(Offered as SPAN 375 and EUST 270) An exploration on humor from a theoretical and multidisciplinary perspective, taking into consideration psychological, biological, political, social, racial, religious, national, and economic factors. The central questions leading the analysis are: What is humor? How does one understand its various types? What is culturally restrictive about humor? What makes Hispanic humor unique? Distinctions between satire, parody, and hyperbole will be explored in the context of Spain, Latin America, and the United States, from the Middle Ages to contemporary popular culture. Samples analyzed come from myth (from Don Juan to Pedro de Urdemalas), literature (from Quevedo to Cabrera Infante), comics (from Mafalda to La Cucaracha), TV (from Chespirito to El Hormiguero), movies (from Cantinflas to Tin Tan), standup comedy (from George Lopez to Carlos Mencia), and language (from double entendres to Freudian slips.) This course will be conducted in Spanish.Requisite: SPAN 199, 211 or 212 or with consent of the instructor. Limited to 25 students. Fall semester. Professor Stavans.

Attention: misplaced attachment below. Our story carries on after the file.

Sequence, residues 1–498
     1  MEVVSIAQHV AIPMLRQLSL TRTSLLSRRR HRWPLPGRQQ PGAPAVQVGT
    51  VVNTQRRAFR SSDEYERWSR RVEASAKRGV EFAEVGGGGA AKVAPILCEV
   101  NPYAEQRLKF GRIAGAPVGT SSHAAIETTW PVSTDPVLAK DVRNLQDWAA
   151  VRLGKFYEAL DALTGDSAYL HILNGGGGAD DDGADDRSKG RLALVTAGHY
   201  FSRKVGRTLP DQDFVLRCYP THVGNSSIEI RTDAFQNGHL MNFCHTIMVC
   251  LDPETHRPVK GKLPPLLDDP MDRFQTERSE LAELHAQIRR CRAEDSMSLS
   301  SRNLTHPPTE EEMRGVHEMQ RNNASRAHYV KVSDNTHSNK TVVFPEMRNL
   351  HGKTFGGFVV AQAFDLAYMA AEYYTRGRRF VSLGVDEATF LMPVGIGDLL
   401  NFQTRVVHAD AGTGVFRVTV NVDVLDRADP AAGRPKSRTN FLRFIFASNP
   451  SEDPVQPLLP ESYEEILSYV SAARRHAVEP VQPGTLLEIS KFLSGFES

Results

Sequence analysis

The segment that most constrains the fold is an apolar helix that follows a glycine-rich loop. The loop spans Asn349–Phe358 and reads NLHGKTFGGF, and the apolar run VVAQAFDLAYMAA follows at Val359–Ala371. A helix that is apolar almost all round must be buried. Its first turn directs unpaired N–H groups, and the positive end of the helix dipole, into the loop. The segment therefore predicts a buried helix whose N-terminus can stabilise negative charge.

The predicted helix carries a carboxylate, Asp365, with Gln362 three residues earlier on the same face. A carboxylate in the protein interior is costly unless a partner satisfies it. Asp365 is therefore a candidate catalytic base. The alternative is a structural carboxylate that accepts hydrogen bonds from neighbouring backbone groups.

If Overenrolled: Priority will be given to seniors and Spanish majors. Others will be admitted to balance by class year to foster a diverse class.